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Innate immune responses of equine monocytes cultured in equine platelet lysate

Naskou, MC;Norton, NA;Copland, IB;Galipeau, J;Peroni, JF;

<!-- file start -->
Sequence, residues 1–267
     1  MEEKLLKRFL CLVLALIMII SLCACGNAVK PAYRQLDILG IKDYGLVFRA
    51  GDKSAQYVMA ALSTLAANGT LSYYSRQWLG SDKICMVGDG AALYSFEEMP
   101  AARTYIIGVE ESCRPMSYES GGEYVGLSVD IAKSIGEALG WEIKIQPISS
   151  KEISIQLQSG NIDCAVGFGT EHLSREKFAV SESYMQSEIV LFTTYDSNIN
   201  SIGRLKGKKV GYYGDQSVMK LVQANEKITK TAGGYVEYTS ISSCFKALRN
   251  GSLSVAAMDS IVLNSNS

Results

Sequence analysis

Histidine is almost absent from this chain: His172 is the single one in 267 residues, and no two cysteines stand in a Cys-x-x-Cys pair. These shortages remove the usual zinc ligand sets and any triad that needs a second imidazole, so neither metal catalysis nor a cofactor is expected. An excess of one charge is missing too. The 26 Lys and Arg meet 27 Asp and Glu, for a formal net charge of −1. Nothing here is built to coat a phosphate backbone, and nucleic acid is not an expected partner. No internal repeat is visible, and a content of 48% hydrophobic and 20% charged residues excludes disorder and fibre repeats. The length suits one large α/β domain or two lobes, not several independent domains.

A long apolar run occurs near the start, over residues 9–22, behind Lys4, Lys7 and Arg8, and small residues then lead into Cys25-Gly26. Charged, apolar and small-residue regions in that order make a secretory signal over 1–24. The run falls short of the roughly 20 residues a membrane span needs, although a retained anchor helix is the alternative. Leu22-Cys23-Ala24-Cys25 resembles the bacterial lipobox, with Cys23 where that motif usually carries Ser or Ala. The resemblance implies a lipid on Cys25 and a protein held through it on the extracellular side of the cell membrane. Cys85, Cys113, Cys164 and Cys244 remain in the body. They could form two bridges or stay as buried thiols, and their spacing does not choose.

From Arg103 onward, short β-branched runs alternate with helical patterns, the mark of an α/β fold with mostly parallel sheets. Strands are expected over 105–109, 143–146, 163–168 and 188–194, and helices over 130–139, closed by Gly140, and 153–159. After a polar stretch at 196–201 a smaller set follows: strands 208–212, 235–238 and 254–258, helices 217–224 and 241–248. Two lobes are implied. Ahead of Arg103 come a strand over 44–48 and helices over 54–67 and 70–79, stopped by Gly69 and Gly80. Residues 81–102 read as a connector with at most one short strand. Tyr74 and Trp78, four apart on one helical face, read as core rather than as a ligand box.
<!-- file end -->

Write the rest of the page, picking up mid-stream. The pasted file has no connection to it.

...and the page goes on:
Platelet lysate (PL) has been extensively used for the laboratory expansion of human mesenchymal stem cells (MSC) in order to avoid fetal bovine serum (FBS) which has been associated with immune-mediated host reactions and transmission of bovine-origin microbial contaminants. Before suggesting the routine use of PL for MSC culture, we wanted to further investigate whether PL alone might trigger inflammatory responses when exposed to reactive white blood cells such as monocytes. Our objectives were to evaluate the inflammatory profile of equine monocytes cultured with equine PL (ePL) and to determine if ePL can modulate the expression of inflammatory cytokines in lipopolysaccharide (LPS)-stimulated monocytes. In a first experiment, equine monocytes were isolated and incubated with donor horse serum (DHS), FBS, six individual donors ePL or pooled ePL from all horses. In a second experiment, monocytes were stimulated with E. coli LPS in the presence of 1, 5 or 10% DHS and/or pooled ePL. After 6 hours of incubation, cell culture supernatants were assayed via ELISA for production of the pro-inflammatory cytokines tumor necrosis factor alpha (TNF) and Interleukin 1 (IL-1) as well as for the anti-inflammatory Interleukin 10 (IL-10). Equine monocytes incubated with pooled ePL produced significantly less TNF- and significantly more IL-10 than monocytes incubated in FBS. Even though not significant, ePL appeared to also downregulate monocytes production of IL-1. The second experiment showed that pooled ePL added to LPS-stimulated equine monocytes resulted in a significant reduction in TNF- and IL-1 production. IL-10 production was not significantly upregulated by the addition of ePL to LPS-stimulated monocytes. Finally, the addition of ePL to LPS-stimulated monocytes in the presence of various concentrations of DHS resulted to statistically significant decrease of TNF- and IL-1 compared to the control groups. This is the first study to demonstrate that ePL suppresses the release of pro-inflammatory cytokines from stimulated equine monocytes. These results encourage further exploration of PL as a homologous media substitute for FBS but also opens the possibility of investigating its use as means to suppress cell-mediated inflammation.